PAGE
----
“That’s more homes than any other other local publisher,” including the Star Tribune, notes ECM president Marge Winkelman. “We’re adding synergy and strengthening our message.”
Some may view print as a buggy whip, and community-newspaper print as the whip’s tassle. Though ECM has been managed more conservatively than the debt-ravaged Sun, it has cut its workforce from nearly 500 in the last couple of years to 385.
Some reductions are due to technological efficiency, but Winkelman doesn’t deny editorial has been hit. “The last department we look at,” she says.
Winkelman isn’t putting all her eggs in the birdcage liner; ECM hired its first director of new media three weeks ago: Cory Hendrickson, formerly of Deluxe Corp.
Winkelman and her Dakota County general manager, ex-Strib newsman Larry Werner, won’t commit to zero layoffs or paper combos/closures, but they insist the chains are “wonderfully complementary”: ECM in the northern, southern and eastern suburbs, plus outstate; Sun in the western ‘burbs and exurbs.
Sun’s corporate parent, American Community Newspapers, has been deluged with debt for years. Readers and workers have complained about suburban papers combining to the point that no community truly feels ownership. Meanwhile, staff cuts mean fewer bodies can’t cover a wider area.
ACN has more papers and higher circulation, but only 185 employees, fewer than half ECM’s headcount.
Winkelman isn’t committing to reversing all that. Still, she mentioned speaking with Sun executive Jeff Coolman about badly needed editorial investments, notwithstanding cuts that could also happen. Layoffs, she says, are “not our intent.”
ECM had kicked the tires about buying the Sun papers during ACN’s 2009 bankruptcy, but was told then the Dallas-based company wanted to remain intact. Earlier this year, though, ACN approached ECM about purchasing the Minnesota operations.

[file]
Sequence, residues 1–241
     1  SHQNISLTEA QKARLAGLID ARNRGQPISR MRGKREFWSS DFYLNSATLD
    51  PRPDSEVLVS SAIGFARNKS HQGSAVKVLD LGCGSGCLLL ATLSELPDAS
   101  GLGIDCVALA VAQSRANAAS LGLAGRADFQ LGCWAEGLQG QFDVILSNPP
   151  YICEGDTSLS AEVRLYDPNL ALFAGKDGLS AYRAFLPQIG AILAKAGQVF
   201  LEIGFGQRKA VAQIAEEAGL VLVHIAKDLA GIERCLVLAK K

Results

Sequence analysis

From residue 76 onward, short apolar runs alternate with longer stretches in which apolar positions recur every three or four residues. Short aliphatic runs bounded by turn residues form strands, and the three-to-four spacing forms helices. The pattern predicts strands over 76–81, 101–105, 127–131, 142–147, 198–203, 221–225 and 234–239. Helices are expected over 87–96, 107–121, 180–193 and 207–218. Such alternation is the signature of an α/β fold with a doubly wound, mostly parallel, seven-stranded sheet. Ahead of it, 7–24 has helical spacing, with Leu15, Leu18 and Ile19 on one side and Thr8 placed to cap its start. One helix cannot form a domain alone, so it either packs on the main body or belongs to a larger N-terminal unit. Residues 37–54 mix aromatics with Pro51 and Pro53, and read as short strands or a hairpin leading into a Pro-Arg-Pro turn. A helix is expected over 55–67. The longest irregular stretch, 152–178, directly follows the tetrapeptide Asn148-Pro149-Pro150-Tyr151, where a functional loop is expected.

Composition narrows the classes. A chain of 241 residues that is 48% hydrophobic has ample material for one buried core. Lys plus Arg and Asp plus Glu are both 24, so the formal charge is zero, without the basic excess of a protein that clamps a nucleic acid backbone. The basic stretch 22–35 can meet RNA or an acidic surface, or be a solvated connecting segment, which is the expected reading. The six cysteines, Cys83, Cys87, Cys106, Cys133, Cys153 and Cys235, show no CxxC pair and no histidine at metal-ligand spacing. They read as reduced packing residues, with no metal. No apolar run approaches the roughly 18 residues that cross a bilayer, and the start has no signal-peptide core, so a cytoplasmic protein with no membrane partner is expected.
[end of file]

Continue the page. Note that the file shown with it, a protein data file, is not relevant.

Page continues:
(After this entreaty, ACN proved it was serious about breaking up by selling off its Ohio cluster.)
Winkelman won’t comment on the purchase price; whether cash changed hands and/or debt was assumed. She laughed when I asked if ECM had debt, but noted it had fueled the strategy since Gov. Elmer L. Andersen founded the publisher decades ago: grow by acquisition.
ECM hasn’t expanded since buying the Morrison County Record in 2005, an indication of print journalism’s economic depression. Like ACN — but to a far smaller extent — ECM chased the housing boom to counteract print’s troubles, but eventually closed papers in Savage and Prior Lake.
The question now is whether ECM can give readers a reason to pick their papers off the doorstep, and advertisers to use it.
Werner says AOL’s Patch.com — the heralded and oft-criticized online-only rival — has “been more formidable competition for news than advertisers.”
While AOL has lured ECM journalists away with higher pay, Werner says “they’ve taken very few advertisers away. I think our local advertisers are just not that comfortable with online advertising yet.”
That leaves ECM in a familiar hard place: exposed to an audience drifting away from print but an advertiser base not yet embracing online — at least, the online tied to community journalism.
Can ECM make mass work in a way ACN never could? That the acquirer avoided bankruptcy indicates a better class of ownership and management, and thousands of civic-minded suburbanites should be rooting for them.